Before you start looking for a job it’s important to know how becoming employed or changing roles will affect your current routine and lifestyle. It’s also worth considering exactly what type of work you want, this will help you narrow down your search criteria and save you a lot of time when you start looking. Here are some things to think about before you start your search.
What type of work do you want to do? Do you want to work in a sector you have already worked in or do you want a change in direction? The answer to that question will determine your next steps. If you know what you’d like to do and have worked in that area before you will have an idea of what to expect from the job and what an employer is looking for. If you’re going for a change in direction, try contacting an employer in that sector to get more information about the role or to ask about work experience. Not only will that look good when you apply but it will also give you an idea about the role and whether it’s right for you. Career questionnaires such as the Prospect Career planner or the Career Test can point you in the right direction.
How many hours can you work? With so many jobs to sort through it’s a good idea to have a few criteria decided before you start. One of these criteria might be how many hours you want to work.
There are a number of different contracts and it’s important you know what will suit you and your life before you start searching. Here is an explanation of the most common types of contract:
a) Full time – Normally 37 hours per week but it can vary depending on the type of work you do. You are guaranteed the stated amount of hours per week and are required to work those hours.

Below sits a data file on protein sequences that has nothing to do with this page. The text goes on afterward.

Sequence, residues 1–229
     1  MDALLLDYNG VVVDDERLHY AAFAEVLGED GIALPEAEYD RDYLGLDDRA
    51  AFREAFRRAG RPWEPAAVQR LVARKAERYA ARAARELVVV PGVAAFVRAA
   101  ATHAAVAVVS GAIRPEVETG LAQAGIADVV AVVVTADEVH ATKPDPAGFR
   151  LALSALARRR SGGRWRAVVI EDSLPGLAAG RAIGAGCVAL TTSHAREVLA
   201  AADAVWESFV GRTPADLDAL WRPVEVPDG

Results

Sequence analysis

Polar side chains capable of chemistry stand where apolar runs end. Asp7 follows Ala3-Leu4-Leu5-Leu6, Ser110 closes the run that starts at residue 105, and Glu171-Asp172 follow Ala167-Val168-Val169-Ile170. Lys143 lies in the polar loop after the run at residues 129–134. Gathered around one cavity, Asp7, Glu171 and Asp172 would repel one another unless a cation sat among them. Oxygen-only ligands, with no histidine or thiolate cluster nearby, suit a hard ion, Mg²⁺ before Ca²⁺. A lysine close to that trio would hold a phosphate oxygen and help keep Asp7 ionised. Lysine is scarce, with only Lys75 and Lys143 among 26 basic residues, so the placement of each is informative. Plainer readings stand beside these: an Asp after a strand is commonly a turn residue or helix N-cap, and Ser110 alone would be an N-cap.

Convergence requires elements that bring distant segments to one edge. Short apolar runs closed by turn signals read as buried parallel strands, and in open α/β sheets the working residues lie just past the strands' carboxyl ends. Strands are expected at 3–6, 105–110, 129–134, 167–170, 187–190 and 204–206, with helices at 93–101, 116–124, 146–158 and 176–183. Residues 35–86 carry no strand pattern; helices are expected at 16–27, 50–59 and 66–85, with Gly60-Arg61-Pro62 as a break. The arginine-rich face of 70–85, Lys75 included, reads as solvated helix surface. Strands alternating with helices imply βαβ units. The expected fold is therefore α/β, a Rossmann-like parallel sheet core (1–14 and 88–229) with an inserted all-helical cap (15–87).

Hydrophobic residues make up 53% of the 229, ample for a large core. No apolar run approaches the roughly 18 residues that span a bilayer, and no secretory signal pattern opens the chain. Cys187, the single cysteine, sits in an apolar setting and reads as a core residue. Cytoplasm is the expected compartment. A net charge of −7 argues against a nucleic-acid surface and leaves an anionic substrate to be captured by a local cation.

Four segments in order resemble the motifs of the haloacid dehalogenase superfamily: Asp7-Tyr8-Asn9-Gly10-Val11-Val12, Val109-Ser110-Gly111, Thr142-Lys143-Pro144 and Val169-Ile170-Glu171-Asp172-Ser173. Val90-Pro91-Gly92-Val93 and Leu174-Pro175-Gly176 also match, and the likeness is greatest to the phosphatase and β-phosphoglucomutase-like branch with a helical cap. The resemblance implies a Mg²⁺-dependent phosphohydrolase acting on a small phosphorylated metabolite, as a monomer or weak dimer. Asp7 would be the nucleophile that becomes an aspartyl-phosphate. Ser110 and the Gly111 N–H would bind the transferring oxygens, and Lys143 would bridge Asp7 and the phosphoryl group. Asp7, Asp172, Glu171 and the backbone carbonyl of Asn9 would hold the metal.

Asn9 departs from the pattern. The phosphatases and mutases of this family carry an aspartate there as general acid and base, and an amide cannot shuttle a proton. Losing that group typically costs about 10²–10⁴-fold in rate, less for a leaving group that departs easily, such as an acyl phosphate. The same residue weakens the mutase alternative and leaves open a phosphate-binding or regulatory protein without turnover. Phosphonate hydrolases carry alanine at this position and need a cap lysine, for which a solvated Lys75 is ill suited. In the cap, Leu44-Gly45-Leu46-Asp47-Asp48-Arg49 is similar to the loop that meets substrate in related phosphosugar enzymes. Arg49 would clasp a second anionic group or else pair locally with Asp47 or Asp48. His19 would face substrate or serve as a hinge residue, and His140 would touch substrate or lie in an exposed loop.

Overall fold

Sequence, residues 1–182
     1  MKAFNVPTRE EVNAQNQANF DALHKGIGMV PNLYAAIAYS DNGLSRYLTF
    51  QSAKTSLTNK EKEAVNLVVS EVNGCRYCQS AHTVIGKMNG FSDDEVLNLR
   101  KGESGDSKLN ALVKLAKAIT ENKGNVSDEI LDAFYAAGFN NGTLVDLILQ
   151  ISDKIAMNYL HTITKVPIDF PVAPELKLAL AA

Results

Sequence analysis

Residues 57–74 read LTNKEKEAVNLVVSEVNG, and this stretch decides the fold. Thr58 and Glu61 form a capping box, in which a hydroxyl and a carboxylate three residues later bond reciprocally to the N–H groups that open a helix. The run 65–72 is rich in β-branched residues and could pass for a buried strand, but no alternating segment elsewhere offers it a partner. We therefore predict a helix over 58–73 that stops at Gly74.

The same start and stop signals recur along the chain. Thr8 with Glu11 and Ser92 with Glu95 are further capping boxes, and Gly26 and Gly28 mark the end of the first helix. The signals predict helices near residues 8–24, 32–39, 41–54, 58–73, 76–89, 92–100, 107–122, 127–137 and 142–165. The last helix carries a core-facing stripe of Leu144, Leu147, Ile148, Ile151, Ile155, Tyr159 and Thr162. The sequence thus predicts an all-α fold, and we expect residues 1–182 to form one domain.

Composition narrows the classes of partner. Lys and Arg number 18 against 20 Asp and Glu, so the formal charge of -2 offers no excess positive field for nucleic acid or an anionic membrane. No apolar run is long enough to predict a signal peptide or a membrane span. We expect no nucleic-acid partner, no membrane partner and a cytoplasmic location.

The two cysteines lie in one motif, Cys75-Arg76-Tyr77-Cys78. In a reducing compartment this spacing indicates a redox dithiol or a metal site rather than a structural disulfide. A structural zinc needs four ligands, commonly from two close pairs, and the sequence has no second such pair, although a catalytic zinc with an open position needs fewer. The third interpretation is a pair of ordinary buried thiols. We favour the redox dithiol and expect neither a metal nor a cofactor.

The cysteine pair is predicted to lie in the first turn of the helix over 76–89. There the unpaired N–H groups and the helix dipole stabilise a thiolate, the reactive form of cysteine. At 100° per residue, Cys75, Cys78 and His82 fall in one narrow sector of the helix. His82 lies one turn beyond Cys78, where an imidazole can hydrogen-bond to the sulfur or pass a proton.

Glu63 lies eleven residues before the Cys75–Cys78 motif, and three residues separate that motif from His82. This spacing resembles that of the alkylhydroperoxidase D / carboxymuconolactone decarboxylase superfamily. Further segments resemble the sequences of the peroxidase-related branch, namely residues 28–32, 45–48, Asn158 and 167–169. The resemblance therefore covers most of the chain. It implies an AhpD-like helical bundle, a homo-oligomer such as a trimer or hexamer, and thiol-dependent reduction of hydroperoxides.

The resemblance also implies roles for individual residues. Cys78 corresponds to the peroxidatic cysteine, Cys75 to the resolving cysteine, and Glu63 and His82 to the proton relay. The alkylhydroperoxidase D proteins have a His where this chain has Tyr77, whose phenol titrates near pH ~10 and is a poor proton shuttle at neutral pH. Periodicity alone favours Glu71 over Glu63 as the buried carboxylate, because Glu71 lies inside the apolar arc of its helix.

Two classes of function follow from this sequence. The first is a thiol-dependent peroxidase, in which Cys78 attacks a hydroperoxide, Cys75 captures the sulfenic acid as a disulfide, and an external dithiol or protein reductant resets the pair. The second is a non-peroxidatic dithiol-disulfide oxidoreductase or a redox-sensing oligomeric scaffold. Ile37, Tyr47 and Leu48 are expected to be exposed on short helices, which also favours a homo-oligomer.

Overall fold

b)Part time – This can vary but is often around 18-20 hours per week. Much like full time you are guaranteed these hours and are required to work them. Part time can work well if you have young children when you can work around their nursery or school schedule. It can also allow you to generate an income without having to pay excessive amounts for childcare.
c)Zero Hours contract – This type of contract is increasingly common and is particularly prevalent in shop work. Instead of giving you set hours, this contract requires you to be ready to work at any time and does not guarantee you any hours. Although this may seem attractive, this contract does not guarantee a steady income and does not pay you for waiting around to find out if you are required to work.
d)You also need to check whether you are specifically classed as an employee or self-employed – please check the citizens advice bureau website for more details if you are unsure.
Here are a few other questions you may need to consider;
- How will a job affect your life? Will it change your benefits or affect your home life?
- How far are you willing to commute? Most job sites will narrow down vacancies based on location.
- If you have children, how much will extra childcare cost you?